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H2 Explain the difference between public goods and merit goods, using examples from the United Kingdom. [10m]

Market failure refers to a situation where the free market fails to achieve an outcome that maximises  society’s welfare. Such a society is said to be allocatively inefficient. This paper delves into detail regarding the difference between public goods and merit goods, using examples from the UK. 

A public good is defined as a good that is non-excludable and non-rival; non-excludable means that it is impossible to prevent someone who has not paid from consuming the good while non-rival means that the consumption of the good by one person does not diminish the amount or quality available to others. 

On the other hand, a merit good refers to a good in which the state believes will be under-consumed if left to the free market, because some individuals are unable to factor in the full private benefits of consumption. This means that the perceived marginal private benefit is less than the actual marginal private benefit and the good is under-consumed. 

Due to the non-excludable and non-rivalrous characteristics of public goods, consumers are unwilling to pay because they are able to enjoy the benefits as “free-riders”. Firms are unable to charge a price and so they find the good unprofitable to produce. Under a free market, production does not occur and total market failure arises.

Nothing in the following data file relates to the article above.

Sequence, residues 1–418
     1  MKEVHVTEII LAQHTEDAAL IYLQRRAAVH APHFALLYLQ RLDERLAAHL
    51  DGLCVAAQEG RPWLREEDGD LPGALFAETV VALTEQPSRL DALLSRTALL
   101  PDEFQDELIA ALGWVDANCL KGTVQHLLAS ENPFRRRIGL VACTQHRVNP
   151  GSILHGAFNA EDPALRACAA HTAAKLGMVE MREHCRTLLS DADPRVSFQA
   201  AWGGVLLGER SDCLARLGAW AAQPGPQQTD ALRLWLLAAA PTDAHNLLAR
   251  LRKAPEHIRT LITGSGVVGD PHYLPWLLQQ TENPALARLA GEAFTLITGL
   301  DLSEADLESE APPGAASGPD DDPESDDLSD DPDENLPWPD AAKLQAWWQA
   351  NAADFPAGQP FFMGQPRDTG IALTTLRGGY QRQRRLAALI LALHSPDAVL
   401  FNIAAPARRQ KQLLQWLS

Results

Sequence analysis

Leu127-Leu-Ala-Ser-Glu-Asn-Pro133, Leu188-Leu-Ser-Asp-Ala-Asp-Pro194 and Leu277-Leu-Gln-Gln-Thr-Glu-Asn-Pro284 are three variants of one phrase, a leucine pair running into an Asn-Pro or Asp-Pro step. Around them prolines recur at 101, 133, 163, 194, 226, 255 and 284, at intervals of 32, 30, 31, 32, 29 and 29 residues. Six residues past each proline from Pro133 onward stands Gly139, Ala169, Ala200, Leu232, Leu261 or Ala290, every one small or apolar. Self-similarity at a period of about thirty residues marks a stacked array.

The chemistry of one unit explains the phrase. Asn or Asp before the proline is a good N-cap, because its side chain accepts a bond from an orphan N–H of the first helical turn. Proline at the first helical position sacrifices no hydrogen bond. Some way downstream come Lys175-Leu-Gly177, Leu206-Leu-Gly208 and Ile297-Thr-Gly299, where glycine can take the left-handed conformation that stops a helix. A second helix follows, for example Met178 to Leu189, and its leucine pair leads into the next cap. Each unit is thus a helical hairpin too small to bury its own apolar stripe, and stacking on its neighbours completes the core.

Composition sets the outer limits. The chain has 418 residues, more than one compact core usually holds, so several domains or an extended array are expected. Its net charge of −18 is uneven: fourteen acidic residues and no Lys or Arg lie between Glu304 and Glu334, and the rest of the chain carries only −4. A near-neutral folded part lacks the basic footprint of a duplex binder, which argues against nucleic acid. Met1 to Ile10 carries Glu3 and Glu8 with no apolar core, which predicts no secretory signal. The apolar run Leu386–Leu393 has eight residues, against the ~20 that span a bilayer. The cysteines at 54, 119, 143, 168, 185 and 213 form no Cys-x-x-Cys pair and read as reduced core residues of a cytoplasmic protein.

When this happens, the government must fully finance the production of the good in which the cost of financing such good is funded from general taxation. In the case of UK, the flood control defence is funded by the government. It is non-excludable as people in the country who did not pay for the flood control system will get to enjoy the same level of safety from floods. It is non-rivalrous too as such security against these natural hazards does not diminish even if the population increases. 

Merit goods may also exhibit positive externalities, or alternatively, due to imperfect information, may be under-consumed as a result. Thus, society’s welfare is not maximised. To correct such market failure, the government must raise consumption through subsidies. In the case of the UK, the entry to national museums and art galleries is free and tickets to the opera are subsidised as the government recognizes the under consumption of art among the people. Individuals may fail to factor in the private benefits of consuming such a good such as providing an alternative form of escapism from the hectic life of city dwellers through the appreciation of art. To raise the consumption, the UK government subsidizes the entry tickets to art galleries to point of being free so as to raise the overall welfare of the society. 

Public goods defer from merit goods as the former exhibit non-excludability and non-rivalrous characteristics. On the other hand, the latter are private goods which exhibit excludability and rivalrous characteristics. Merit goods are provided by private producers as they are able to set a price on the good. There is no “free-riders” problem in the case of merit good whereas there exists such a problem in the case of public goods. As such, a public good is provided by the government directly whereas merit goods tend to be subsidised or partially provided. The argument on merit good focuses is more on individuals undervaluing private benefits while the “free-riders” problem plays a significant role in the argument on public good. 

JC Economics Essays - Economics Tutor's Comments: This is a simple, clear cut, and well presented Economics essay that is fairly accurate, direct, and to the point. This essay addresses the question posed directly. However, the usual question applies: how could you improve upon this Economics essay to make it better, or even more accurate or precise? How could you further develop the essay's paragraphs? Special thanks to S YQ for this excellent piece of economic writing. Thanks for reading and cheers. 

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